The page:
Alumni Association Calls for Immediate Investigation in UL Saga


Amidst indefinite suspension of classes and breeding tension at the University of Liberia (UL), the Alumni Association is calling on the Board of Trustees and other stakeholders to quickly conduct an investigation into the unfolding event that has stalled the reopening of the institutions.

The association, in a  release noted, “The persistent tension has generated and for which has now been heightened by students’ protests that sometimes become violent, does not augur well for the atmosphere of academic freedom, peace and security that Liberia needs in order to successfully pursue her agenda for transformation.”

The UL Alumni Association is of the view that if nothing is done to speedily resolve the ongoing crisis, the situation will further exacerbate and degenerate into a major crisis, thereby creating a serious threat to the peace Liberians enjoy now.

At the same time, the Alumni Association has strongly condemned all acts of violence carried out at the university and perpetrated against Vice President for Academic Affairs & Provost, Dr. Wede Elliot-Brownell.

It can be recalled that on November 22 last year, a group of students allegedly ransacked Dr. Brownell’s home and took away some valuables.

The student association in a strongest term described the act as “Barbaric”.

It also distanced itself from a strong statement made by Dr. Brownell on December 12 of last year that the University of Liberia is a den of “Academic Criminals.”

According to the Alumni Association, it sees this statement made by the Provost as unfortunate, disappointing, and totally regrettable and a hasty generalization only intended to bring the high-earned reputation of the University to public disrepute, calling on the public not to give it (statement) credence.

Classes at the University of Liberia were suspended late last year when the faculty union led by Clifford Young took the decision to disengage for several reasons and concerns it wants the university administration to address.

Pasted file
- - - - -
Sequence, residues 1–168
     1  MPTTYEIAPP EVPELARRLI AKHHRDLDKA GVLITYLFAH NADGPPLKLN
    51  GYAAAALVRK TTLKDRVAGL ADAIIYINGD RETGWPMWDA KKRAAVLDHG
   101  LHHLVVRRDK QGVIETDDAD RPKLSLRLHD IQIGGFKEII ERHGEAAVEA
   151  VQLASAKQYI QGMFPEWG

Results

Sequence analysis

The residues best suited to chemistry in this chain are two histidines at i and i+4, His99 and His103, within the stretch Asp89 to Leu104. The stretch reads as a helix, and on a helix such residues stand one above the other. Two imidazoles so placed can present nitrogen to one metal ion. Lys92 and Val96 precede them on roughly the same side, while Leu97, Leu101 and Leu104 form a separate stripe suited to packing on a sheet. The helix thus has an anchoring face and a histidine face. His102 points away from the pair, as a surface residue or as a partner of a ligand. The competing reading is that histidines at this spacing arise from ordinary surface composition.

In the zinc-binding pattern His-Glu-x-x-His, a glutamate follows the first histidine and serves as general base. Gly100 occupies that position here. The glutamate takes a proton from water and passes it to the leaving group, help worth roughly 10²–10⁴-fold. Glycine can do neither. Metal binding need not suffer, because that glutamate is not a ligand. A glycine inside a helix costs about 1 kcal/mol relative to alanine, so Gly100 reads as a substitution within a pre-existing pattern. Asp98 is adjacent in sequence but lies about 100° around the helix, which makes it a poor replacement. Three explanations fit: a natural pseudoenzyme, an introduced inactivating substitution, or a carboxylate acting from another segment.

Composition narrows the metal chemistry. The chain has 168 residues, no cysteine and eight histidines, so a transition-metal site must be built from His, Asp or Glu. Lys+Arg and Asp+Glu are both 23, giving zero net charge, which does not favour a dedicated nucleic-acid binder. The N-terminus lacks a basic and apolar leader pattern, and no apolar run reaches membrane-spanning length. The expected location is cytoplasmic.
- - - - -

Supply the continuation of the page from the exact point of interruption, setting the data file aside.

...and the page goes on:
Key among the reasons is the immediate resignation of the Vice President for Academic Affairs & Provost, Dr. Wede Elliot-Brownell, whom the faculty members see as impediment to their progress and progress of the university.

Following the disengagement of faculty members, some disgruntle students also joined the fray, roaming the UL Capitol Hill campus with a symbolic casket made of paper indicating that it is where the Provost will take her final rest in the unfolding crisis.

This was subsequently followed on November 22 by violent action characterized by stone throw which allegedly wounded one of UL’s Police, and the University’s President and the Provost were aided by the Liberian National Police to escape the campus after being confined in the office building for hours.

With the hope that classes would resume on January 7, 2014, the UL Administration announced again that classes are indefinitely suspended as investigation is still ongoing in the saga surrounding the Provost and the faculty union as the union also remains disengaged.

Since the announcement, there have been emerging speculations and pronouncements in some local dailies by some student group leaders that they will shortly be staging series of violent protest which may result into huge casualties.

Some publications of last week quoted the Student Unification Party (SUP) and University of Liberia Students Union (ULSU) Acting President Anthony Williams as saying that they were calling on each of the fifteen counties to make 100 students available to join forces to surround the Capitol where President Ellen Johnson Sirleaf will be delivering her annual address to the Legislature.

In the wake of these pronouncements and speculations, the Alumni Association also called on all sides of the crisis to remain calm and cooperate with the investigation team to come out with its findings and ruling instead of staging violence that will escalate the problem.


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